Giving out awards for films is obviously a subjective enterprise. One person's Godfather is another's Norbit. However, with the 85th Academy Awards coming up, I wanted to look back and see which winners simply made no sense, either because of their competition or simply because their nominations are baffling.
Narrowing this down to 10 was no small feat and as someone still in the first half of their life (notwithstanding bus accidents or freak lightning strikes), I focused on the last 40 years of the Oscars. Part of this is an admitted lack of all-time film knowledge, part of it is that it seems the Academy Awards have become more and more a product of behind-the-scenes posturing than a true selection of films based on merit over this time period (or maybe I'm being naïve).
I could start a rant on the increasing tendency for Hollywood to worry more about producing quantity than quality but instead, let's get on with the list. The year listed by each selection is the year of release (the awards are given the following year) and although I could have been nice and done this chronologically, some winners are simply more painful to the mind and soul than others … and deserve to be shamed that much more.
10. 1965: 'The Sound of Music' Beats 'Doctor Zhivago'
© 20th Century Fox
I know there are plenty of people who love Julie Andrews
spinning on an Austrian hillside - and it's a very good film. However, it doesn't capture the epic scope or haunting romantic tones portrayed by Omar Sharif
and Julie Christie
. And just because one film is a family favorite shouldn't matter. By that logic, Willy Wonka & The Chocolate Factory
should have been nominated to scoop up the Oscar and beat The French Connection
9. 1985: 'Out of Africa' Beats 'The Color Purple'
© NBC Universal
This was a night which would see painful history being duplicated as Steven Spielberg's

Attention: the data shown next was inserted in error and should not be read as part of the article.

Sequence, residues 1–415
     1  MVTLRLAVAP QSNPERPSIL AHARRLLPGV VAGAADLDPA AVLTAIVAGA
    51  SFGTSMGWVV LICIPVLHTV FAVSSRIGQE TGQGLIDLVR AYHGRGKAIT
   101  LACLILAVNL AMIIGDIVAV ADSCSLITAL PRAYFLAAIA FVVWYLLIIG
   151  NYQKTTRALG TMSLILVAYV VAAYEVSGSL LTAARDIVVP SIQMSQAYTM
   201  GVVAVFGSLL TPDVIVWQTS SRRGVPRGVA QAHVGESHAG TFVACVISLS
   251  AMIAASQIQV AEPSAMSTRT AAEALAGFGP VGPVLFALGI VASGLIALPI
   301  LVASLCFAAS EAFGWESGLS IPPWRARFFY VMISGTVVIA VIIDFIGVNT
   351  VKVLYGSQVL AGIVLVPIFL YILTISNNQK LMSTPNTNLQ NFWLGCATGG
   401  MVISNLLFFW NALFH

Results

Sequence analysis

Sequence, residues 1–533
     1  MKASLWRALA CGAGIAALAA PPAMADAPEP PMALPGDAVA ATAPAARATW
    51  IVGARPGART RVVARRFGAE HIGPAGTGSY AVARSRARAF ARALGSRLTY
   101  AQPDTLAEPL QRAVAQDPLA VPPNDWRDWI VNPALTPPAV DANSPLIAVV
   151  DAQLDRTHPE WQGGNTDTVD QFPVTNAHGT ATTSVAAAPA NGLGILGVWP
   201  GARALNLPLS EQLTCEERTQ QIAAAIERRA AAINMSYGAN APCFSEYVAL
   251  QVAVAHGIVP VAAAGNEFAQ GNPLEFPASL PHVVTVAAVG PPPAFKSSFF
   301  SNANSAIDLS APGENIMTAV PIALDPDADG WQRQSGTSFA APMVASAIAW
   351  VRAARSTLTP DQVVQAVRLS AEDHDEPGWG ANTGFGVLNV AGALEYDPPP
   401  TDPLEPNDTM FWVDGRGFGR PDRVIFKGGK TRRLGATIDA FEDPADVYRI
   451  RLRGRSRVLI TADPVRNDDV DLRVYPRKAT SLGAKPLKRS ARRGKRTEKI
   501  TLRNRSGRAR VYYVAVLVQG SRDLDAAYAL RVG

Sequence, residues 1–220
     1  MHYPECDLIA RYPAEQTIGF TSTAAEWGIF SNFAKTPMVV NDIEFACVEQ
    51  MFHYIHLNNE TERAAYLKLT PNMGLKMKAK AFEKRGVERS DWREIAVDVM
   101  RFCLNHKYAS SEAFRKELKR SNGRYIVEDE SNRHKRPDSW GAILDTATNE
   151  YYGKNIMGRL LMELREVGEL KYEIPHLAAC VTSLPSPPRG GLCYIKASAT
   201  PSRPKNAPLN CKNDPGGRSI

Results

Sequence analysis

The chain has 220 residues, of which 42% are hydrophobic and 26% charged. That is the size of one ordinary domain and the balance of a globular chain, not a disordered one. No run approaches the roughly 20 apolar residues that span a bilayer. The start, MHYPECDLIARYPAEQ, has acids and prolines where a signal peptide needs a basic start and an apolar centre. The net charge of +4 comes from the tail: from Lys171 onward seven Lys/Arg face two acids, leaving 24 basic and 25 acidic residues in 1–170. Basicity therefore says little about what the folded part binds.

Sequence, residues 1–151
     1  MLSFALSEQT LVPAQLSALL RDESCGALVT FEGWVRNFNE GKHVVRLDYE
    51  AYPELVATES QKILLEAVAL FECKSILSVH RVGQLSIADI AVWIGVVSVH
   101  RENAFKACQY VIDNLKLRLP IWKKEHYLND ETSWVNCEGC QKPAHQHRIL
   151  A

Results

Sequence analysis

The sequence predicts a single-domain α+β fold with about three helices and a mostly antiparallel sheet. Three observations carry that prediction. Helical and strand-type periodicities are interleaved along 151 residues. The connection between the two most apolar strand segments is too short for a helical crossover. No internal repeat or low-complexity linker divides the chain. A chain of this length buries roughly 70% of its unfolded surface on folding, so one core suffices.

film went 0 for 11 (Only 1977's Turning Point
shares this dubious distinction). Not doing anything to help the perception that Academy voters were anything but color blind, it was also a statement about who Hollywood royalty were in that era. I have a suspicion that if Meryl Streep
and Robert Redford had starred in Ishtar
, it could still have gained at least a nomination.
© Warner Bros Pictures
...Beating 'Letters from Iwo Jima,' 'The Queen,' 'Little Miss Sunshine.' 'Babel' an Afterthought." Or at least that's what I would have written in a newspaper headline following the film's win. After picking other directors and movies ahead of Martin Scorsese
in his prime, voters finally felt they had something good enough
to award him the Oscar. The win was doubly disturbing to myself as it was also the first remake to win the award, setting a sad precedent for possible future winners (Thankfully, 2010's True Grit
had no chance).
7. 1994: 'Forrest Gump' Beats 'The Shawshank Redemption' and 'Pulp Fiction'
© Paramount Pictures
Full disclosure: I love Forrest Gump
. It might have been my favorite film of the year and I think its filmmaking was worthy of a nomination. However, The Shawshank Redemption
is truly masterful and Pulp Fiction
helped changed the landscape of cinema. (I have no idea what Four Weddings and a Funeral
was doing on the list.) It appears the friendly nature of Forrest won over voters (plus it marked Tom Hanks
going back-to-back in Best Actor wins, which had only been done previously in the category by Spencer Tracy).
© DreamWorks Pictures
...'The Insider,' and 'The Sixth Sense'